A few things:
1) Experience will help your views evolve. So don't stress too much. You could remount a pair of your existing skis & see what you htink. Or try a new pair. Binding-wise, use something and see. The trade offs between weight and performance are interesting. And you will not really know how to tune things up until you play. Even with light construction, really fat skis are heavy. Full alpine performance in a binding adds...you guessed it... For me, it is all about the down. But first you have to get up. I found out the hard way that "up" is hard with Kuros + Dukes on your feet :) Especially as I am a schlub on the uphill.
2) There are lots of good ski choices. If I'm skiing really nice soft snow or corn and do not have to compromise, I prefer to be on a Praxis Powder Board. IMO these skis totally rule the powder/slush/corn realm. A 138 does not make me cry either. The problem is these are not light (not totally crazy heavy, but not light). Nor will they side-hill especially well if it is steep or crappy or breakable... So then you start making trade offs. Or not.
If you want to trade off for weight and range of conditions, your 112s would be a great ski for a first shot at this IMO. Another choice - the Praxis BC is a very, very nice ski - very light, tough as nails, skis a very wide range of conditions well. They are narrow enough to side hill, etc well. But shaped in a way that skis soft snow well. Keith is selling them for a song right now (coupon gets you 10% off sale prices). Everyone has their preferences - I'd pick something appropriate out of the Praxis lineup. Next I'd probably look at the DPS lineup. And I'd consider the 4FRNT Hoji a super strong contender (skied a few laps on 'em in variable/mixed conditions & was super impressed). But it is all about what you are optimizing for and what you value in design and construction.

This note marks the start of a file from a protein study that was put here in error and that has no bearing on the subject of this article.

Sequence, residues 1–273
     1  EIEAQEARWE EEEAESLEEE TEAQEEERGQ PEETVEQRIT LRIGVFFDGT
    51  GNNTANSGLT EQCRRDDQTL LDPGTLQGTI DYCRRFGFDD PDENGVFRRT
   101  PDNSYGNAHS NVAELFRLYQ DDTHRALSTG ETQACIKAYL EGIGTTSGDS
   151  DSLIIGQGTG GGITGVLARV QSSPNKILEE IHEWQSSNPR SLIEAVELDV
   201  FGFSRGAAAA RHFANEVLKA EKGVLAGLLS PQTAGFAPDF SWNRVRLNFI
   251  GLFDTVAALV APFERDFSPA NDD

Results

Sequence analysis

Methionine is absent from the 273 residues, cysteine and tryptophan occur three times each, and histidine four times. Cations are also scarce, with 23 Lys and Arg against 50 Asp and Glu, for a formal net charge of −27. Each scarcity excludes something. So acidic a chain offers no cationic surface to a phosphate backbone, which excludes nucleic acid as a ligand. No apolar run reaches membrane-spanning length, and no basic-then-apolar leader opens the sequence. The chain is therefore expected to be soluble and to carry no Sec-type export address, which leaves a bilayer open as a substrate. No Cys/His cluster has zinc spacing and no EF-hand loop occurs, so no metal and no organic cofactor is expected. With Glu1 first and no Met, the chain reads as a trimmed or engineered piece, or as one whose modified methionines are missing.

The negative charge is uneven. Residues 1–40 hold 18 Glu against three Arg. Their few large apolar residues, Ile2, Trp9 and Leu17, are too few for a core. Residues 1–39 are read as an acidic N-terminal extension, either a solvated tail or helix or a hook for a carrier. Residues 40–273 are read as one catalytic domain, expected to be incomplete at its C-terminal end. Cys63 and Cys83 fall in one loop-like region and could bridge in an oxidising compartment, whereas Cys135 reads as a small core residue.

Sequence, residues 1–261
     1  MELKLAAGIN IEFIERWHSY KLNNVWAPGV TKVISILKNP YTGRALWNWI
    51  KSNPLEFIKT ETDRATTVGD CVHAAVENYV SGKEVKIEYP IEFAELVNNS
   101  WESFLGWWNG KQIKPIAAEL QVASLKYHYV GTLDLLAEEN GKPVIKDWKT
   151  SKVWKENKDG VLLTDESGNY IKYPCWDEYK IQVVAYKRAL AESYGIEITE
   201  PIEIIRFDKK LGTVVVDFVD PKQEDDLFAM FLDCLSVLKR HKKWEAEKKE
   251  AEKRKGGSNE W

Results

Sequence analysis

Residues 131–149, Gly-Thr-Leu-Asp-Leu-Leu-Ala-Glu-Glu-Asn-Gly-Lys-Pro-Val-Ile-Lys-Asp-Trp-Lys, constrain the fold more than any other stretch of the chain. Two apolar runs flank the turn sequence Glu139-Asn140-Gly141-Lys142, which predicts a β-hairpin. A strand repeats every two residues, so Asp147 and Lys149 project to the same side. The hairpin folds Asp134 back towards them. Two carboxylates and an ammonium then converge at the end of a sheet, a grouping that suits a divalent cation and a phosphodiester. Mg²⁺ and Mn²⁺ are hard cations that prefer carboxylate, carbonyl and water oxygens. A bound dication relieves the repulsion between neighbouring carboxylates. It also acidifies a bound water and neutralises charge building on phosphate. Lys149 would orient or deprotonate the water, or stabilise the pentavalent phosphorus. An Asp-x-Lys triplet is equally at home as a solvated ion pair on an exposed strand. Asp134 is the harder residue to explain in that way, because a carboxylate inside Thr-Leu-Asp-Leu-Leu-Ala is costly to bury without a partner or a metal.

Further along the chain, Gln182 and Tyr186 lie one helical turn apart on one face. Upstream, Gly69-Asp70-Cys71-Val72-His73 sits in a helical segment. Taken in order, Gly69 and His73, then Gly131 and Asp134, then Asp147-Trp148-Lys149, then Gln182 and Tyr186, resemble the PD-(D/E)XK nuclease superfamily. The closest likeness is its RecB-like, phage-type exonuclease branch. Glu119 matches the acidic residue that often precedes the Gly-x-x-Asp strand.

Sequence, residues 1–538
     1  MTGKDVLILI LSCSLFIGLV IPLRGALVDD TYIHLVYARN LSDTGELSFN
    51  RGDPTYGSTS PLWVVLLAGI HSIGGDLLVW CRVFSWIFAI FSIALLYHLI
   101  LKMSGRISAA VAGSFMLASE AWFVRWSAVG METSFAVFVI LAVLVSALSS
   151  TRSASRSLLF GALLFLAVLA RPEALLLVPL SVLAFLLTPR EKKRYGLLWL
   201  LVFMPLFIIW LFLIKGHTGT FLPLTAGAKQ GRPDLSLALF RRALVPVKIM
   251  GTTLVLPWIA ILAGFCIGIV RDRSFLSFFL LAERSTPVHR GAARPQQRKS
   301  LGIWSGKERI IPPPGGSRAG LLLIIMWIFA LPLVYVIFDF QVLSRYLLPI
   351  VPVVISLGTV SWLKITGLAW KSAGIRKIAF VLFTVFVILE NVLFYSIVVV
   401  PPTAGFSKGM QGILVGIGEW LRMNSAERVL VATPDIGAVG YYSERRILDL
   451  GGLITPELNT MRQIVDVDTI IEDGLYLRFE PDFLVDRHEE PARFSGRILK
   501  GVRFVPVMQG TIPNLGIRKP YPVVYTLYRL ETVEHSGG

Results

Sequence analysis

3) Bindings. That same damn problem. You can get light. Or you can get full performance. A Tour 12 is clearly not the binding a Duke is or a Tracker will be. But it'll leave you with more energy at the top - and likely get you there faster (unless you are a total animal). The interesting thing here is that there is no point in shaving 6 oz off a pair of skis and then throwing an extra two pounds of binding on 'em. So there is something of a balancing act with the blending of bindings and skis. A Baron can be a very reasonable compromise. Too bad they are not doing the wide platform version of that for this coming year.
4) Boots. I don't skin all that much - so I use my usual boots (Salomon SPKs). As is usual with boots, fit is it. There seem to be many good choices these days. If you like your basic boots & do not plan to replace them, maybe skin in them for a bit to see what your priorities are.
5) Skins. Any f the top rated ones will do you. One thing to think about: they take up room and are not weightless. So that ties to your ski choice (and ski type choice). I've been looking at Geckos. Seen some negative comments about the tail and tip clips. There is a good review video somewhere. Bottom line seems that they might be a good, low hassle, choice for skinning for turns vs big tours. Whatever kind you get - use a G3 trimmer (available for a few bucks).
6) Sidenote: tech bindings. Lots of folks swear by 'em. But now you are running multiple systems. Hold up a pair of DPS pures or Praxis BCs or any lightweight AT ski mounted with 'em and the appeal is obvious. Too big a step for me at the moment though. Others can probably add more value here.
I suspect some searching here, TGR, TAY, etc, etc will reveal lots of good discussion on exactly this topic.
Edited by spindrift - 4/28/12 at 9:17am
As usual, worth what you paid for it, Maybe more than usual, as I know just enough to be "dangerous".